Think of it as the secret sauce that gets passed on from one generation to the next. Knowledge transfer should not be taken for granted. Here's how to plan for it.
I was recently on a video call with a good friend of mine that I hadn’t seen in a while. My friend is a veteran cop. He is extremely smart, blessed with a beautiful family and passion for his career…an all around great guy. During his spare time, he works on developing a curriculum for police academies across the nation. His goal is to transfer as much of his insight as possible to the next generation of graduates. He explained that this type of knowledge transfer can’t be found in textbooks and requires lots of rigor and dedication, in other words…loads of work. To the question: Why are you doing this? He simply answered: “I feel that it’s the right thing to do”.
Why is knowledge transfer so essential?
While your organization may not be in the business of saving lives, it’s critical to the health of your business that you’re able to get the right information to the right person at the right time. Great leaders understand this and empower their employees accordingly. The more an employee knows the more likely he or she is to take the right decisions.
Today’s workforce is motivated by the desire for continuous learning and collaborating. In fact, an employee’s average tenure in a job is just 4.5 years. Whatever the reason for leaving, employee turnover costs employers big bucks. Loss of knowledge and experience as well as recruitment costs create a highly compelling case as to why organizations should develop a solid strategy for capturing and sharing knowledge in the workplace.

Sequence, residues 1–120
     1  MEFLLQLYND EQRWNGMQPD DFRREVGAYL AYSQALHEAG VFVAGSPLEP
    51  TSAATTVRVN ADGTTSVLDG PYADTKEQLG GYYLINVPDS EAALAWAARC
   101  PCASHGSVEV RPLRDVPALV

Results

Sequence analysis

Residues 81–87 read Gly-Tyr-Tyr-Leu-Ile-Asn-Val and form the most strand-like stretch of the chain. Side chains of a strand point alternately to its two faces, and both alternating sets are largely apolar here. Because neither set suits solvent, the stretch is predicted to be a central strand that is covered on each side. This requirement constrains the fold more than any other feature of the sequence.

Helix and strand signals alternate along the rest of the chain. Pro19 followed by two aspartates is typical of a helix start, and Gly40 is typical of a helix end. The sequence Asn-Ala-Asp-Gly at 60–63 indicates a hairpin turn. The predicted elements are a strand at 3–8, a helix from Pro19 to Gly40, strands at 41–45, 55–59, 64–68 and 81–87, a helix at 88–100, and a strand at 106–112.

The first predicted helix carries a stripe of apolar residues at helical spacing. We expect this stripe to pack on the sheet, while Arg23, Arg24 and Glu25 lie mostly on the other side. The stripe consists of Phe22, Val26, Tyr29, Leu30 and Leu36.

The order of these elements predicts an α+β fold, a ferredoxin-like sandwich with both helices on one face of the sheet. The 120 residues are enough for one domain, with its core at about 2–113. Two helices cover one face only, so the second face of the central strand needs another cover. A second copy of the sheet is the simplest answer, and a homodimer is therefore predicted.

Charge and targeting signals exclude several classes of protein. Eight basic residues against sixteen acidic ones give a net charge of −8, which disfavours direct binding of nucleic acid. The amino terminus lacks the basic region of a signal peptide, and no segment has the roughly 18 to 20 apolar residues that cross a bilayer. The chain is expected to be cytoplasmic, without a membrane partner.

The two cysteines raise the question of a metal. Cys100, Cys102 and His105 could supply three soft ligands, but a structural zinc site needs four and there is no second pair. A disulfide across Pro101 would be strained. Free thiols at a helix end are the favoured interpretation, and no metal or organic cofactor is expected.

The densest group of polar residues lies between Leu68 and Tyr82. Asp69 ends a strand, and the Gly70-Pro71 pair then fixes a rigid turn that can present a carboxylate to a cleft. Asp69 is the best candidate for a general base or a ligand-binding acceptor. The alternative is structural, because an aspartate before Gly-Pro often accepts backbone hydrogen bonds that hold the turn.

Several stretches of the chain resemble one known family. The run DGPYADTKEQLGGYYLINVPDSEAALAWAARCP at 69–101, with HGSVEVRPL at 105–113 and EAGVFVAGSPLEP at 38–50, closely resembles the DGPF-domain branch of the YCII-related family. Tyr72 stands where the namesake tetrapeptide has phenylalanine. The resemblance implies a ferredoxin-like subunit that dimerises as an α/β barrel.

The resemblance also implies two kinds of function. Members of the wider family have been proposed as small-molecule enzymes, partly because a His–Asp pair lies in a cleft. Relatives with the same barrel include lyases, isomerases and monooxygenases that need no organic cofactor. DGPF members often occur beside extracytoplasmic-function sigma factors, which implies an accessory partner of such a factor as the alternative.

How to share the knowledge
1.Make it part of the core values of your organization
Foster trust and openness. If you create a culture of openness, people will be willing to share their knowledge.
2.Document, document, document
Knowledge needs to be captured before it can be shared. Use this “rule of three” below in order to determine what information needs to be captured.
3.Showcase your work
Encourage your experienced employees to showcase their work to teammates. Consider highlighting transparency as a cultural value. These small acts can send an important signal to employees about the value you place on knowledge sharing.
4.Make it simple to share
Long gone are the days of drawn out procedure manuals that nobody reads. There are plenty of “knowledge management platforms” that make it easy to access the desired information and also offer video transcript capabilities.
Great leaders can originate from any level of an organization and from any walk of life. Sharing their knowledge comes naturally to them because they know that it’s the right thing to do.
 Bozarth, Jane (2014, May 5). Show your work: The payoffs and how-to’s of working out loud.
 Paul, Jon (2018, September 21). D2L. Why it’s important to transfer knowledge and subject matter expertise. https://www.d2l.com/corporate/blog/transfer-knowledge-expertise/
 Deloitte Insights (2017, February 28). Careers and learning: Real time, all the time. https://www2.deloitte.com/us/en/insights/focus/human-capital-trends/2017/learning-in-the-digital-age.html